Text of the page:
Airbnb, Inc. Investment Thesis
Airbnb, Inc. Deep Dive
In this report, I will cover the following:
Revenue & Margins
Balance Sheet and Cash Flow
Stock Price History
Management and Ownership
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Sector: Communication Services
Market Cap: $106.8 billion
Airbnb is a company that operates an online marketplace for lodging, primarily homestays for vacation rentals, and tourism activities. Since it was founded in 2007 it has grown to 4 million hosts who have welcomed over 800 million guest arrivals to approximately 100,000 cities in almost every country and region across the globe. Hosts on Airbnb are everyday people who share their worlds to provide guests with the feeling of connection and being at home.
Airbnb’s hosts are the foundation of the community and business. Stays are made possible by hosts. It is their individuality that makes Airbnb unique. From schoolteachers to artists, hosts span more than 220 countries and regions and approximately 100,000 cities. Airbnb enables hosts to provide guests access to a vast world of unique homes and experiences that were previously inaccessible, or even undiscovered. The role of the host is about more than opening their door. A great host enables guests to find a deeper connection to the places they visit and the people who live there.
The community of hosts started by sharing their spare bedrooms on Airbnb in a few large cities. Soon, hosts listed entire homes, cabins, treehouses, boats, castles, and luxury villas — practically any space that you could think of — in big cities, small towns, and rural communities in nearly every corner of the world. Hosts generally fall into two categories: individual and professional. Individual hosts are those who activate their listings directly on Airbnb through the website or mobile apps. They come from all walks of life and list their spaces, including private rooms, primary homes, or vacation homes on Airbnb. Professional hosts are often those who run property management or hospitality businesses and generally use application programming interfaces to list their properties on the platform. These hosts expand the types of listings available to guests. Once there were millions of homes on Airbnb, the company recognized that hosts could share not only their homes but also their interests and talents. From exploring graffiti art in New York City to finding hidden jazz clubs in London, Airbnb Experiences offer authentic activities in over 1,000 cities around the world.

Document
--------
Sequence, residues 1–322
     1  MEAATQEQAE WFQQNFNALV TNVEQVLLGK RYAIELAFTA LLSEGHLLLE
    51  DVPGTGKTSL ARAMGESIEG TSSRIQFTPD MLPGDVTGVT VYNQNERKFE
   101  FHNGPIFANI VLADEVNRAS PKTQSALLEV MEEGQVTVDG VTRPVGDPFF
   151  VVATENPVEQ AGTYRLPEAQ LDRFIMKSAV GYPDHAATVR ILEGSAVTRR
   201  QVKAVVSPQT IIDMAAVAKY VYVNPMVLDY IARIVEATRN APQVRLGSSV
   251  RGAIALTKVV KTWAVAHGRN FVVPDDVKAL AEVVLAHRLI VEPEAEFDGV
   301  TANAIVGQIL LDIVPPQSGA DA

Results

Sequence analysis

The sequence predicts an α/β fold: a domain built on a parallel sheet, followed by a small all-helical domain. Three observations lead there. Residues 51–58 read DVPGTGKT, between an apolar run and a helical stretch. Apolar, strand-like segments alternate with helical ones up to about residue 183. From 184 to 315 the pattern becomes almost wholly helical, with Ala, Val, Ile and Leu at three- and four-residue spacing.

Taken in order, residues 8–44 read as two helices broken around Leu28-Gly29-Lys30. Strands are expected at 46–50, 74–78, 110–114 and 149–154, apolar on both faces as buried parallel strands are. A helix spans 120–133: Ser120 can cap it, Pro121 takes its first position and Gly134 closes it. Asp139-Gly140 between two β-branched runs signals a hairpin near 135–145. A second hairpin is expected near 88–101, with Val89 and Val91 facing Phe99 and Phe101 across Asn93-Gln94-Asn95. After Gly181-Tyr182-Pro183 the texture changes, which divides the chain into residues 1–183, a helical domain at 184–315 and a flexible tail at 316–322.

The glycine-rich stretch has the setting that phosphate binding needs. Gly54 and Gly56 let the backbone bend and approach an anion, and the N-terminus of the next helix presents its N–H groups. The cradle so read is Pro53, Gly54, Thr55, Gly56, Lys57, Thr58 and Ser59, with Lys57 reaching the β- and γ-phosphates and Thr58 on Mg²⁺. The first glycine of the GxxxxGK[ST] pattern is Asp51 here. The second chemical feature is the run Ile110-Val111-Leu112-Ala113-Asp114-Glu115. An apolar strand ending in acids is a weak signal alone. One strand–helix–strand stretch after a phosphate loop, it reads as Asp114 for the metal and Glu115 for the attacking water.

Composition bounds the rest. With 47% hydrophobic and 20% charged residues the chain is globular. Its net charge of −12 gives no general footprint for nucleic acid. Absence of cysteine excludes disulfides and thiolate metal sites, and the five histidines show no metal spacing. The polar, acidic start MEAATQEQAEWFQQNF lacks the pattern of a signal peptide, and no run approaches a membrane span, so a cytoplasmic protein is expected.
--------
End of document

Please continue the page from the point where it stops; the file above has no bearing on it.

In Q3 2021, Nights and Experiences Booked of 79.7 million represented a significant increase of 29% year-over-year (YoY) and slight a decrease of 7% compared to Q3 2019 levels. Excluding Asia Pacific, global Nights and Experiences Booked exceeded 2019 levels in the quarter. Continued strength in average daily rate (ADR) drove even stronger gross booking value (GBV) performance than Nights and Experiences Booked. In Q3 2021, GBV was $11.9 billion, representing a YoY increase of 48% and an increase of 23% compared to Q3 2019.
This summer, Airbnb reached a major milestone of 1 billion cumulative guest arrivals as more people got vaccinated and travel restrictions were relaxed.
Host earnings reached a record $12.8 billion in the quarter, and active listings continued to grow. This economic empowerment is what continues to attract new hosts to the platform.
The primary source of Airbnb’s revenue comes from service fees from bookings charged to both guests and hosts. Depending on the size of the reservation, guests are required to pay a nonrefundable service fee based on the type of listing—usually between 5% and 15%. A more expensive reservation results in lower service fees for guests because families or groups with larger reservations can save money for other travel expenses.